| SAN FRANCISCO, April 16
SAN FRANCISCO, April 16 Disappointing results
from Google Inc and IBM may unnerve
investors shaken by a strong recent selloff in tech stocks,
underscoring the challenges the Internet and IT sectors face as
corporate report cards come due in coming weeks.
The two companies, both barometers of their respective
industries, posted March-quarter results on Wednesday that
missed Wall Street's revenue targets, and their shares fell in
after hours trade.
IBM blamed weak hardware sales for its lowest quarterly
revenue in five years, worsened by an 11 percent slide in
overall sales in emerging markets including China, Brazil,
Russia and India.
That spells trouble for other tech companies reliant on
enterprise-spending, such as Oracle, Cisco,
EMC and Hewlett-Packard, which report results
this month or next. Like IBM, they have struggled to grow their
businesses, particularly in China, whose economy is
down-shifting after years of hyper-growth.
Enterprise spending in general has been on the wane for
traditional computing giants as corporations and even
governments increasingly turn to software-as-a-service (SaaS)
and other cloud offerings instead of maintaining their own
in-house technology infrastructure. Many, including IBM and
Oracle, have been left behind by smaller, younger rivals as
spending goes toward emerging areas like big data, cloud and
"We're seeing a lot of traditional technology vendors
struggle," said FBR analyst Dan Ives.
"You're seeing spending go away from big-bang projects
toward smaller, more modular types of deployments, which speaks
to why a lot of SaaS players are doing well. Customers want to
buy just the drink rather than the whole bar."
Google's and IBM's poor results on Wednesday may do little
to change investors' sentiment following a recent drop in tech
stocks. Since early March, the tech-heavy Nasdaq index has
fallen over 6 percent.
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With the latest results factored in, including IBM and
Google, tech earnings growth estimates for the quarter have
fallen by roughly two-thirds since the start of the year,
according to Thomson Reuters data.
On Jan. 1, as the first quarter got under way, analysts on
average predicted tech earnings would grow by 7 percent. But
now, as first-quarter reports trickle out, analysts on average
expect growth of just 2.4 percent, according to the data.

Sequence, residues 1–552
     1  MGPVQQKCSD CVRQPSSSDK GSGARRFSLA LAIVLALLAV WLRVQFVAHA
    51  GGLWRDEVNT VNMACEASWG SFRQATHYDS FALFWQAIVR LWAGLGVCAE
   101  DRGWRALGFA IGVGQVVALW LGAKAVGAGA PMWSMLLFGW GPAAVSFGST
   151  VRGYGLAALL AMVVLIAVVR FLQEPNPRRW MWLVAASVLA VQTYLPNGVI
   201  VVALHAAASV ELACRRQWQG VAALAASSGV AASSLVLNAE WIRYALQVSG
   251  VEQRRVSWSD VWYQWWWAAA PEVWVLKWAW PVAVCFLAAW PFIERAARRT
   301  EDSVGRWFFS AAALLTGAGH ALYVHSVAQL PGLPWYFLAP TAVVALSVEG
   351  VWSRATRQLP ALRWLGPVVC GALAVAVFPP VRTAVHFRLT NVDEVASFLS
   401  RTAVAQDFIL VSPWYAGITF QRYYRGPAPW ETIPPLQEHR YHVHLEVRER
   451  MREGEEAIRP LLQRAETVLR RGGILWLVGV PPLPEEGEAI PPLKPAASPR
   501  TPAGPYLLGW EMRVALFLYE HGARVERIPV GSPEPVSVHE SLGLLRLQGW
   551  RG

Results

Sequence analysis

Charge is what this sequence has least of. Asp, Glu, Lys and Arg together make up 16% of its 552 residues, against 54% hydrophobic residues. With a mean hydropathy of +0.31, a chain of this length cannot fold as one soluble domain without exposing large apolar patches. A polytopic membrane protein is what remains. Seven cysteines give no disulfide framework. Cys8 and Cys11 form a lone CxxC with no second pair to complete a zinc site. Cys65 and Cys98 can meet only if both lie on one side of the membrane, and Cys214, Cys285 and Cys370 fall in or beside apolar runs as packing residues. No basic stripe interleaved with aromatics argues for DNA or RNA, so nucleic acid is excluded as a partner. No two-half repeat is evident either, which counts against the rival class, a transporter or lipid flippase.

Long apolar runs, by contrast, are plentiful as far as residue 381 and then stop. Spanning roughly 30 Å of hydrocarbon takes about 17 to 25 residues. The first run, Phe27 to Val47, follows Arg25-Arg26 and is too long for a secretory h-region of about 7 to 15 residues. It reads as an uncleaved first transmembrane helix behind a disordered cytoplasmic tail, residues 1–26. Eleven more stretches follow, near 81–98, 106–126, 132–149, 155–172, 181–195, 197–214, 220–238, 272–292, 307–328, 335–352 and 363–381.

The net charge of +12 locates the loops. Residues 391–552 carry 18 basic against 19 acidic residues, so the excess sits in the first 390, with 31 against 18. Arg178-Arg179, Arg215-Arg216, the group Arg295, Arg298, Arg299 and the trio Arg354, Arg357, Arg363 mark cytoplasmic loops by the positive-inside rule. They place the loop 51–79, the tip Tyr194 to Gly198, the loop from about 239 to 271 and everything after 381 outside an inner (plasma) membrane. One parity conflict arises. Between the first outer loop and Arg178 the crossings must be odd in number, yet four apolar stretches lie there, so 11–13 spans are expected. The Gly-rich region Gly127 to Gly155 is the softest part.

That also marks a deceleration in tech profit growth from
the fourth quarter, when it totaled 10.3 percent, but it is an
improvement from 2013's first quarter, when tech profits shrank
by 1.2 percent.
In Google's case, investors initially pummeled the stock in
after-hours trading after the world's largest Internet company
reported its miss, plus a drop in margins as cost-per-click, or
the average price of an online ad, slid 9 percent.
The shares rebounded after CFO Patrick Pichette attributed
that profitability decline to a spike in expenses partly because
of its $3.2 billion acquisition of home automation pioneer Nest
last quarter, which tacked on a raft of payroll and research
More broadly, the three largest Internet corporations -
Google, Facebook Inc and Twitter Inc - have
each grappled with advertising on mobile devices, where the
growth is currently concentrated, and where smartphones with
smaller displays typically command lower ad prices than on
For investors in Google, accustomed to the company enjoying
one of the highest ad margins in the business, mobile ads have
translated to a steep drop in ad rates. The transition has been
less jarring at Facebook, which once relied almost exclusively
on low-margin display or banner ads.
Twitter, which had difficulty monetizing its 140-character
stream-of-consciousness messaging model, is catching on with TV
advertisers because of its growing position as a "second screen"
to accompany TV viewing.
"People are trying to adapt to a new delivery system which
is mobile," said B. Riley & Co analyst Sameet Sinha. "It is a
challenge for most companies, and it's going to be here for the
next couple of years."
(Writing by Edwin Chan; Editing by Ken Wills)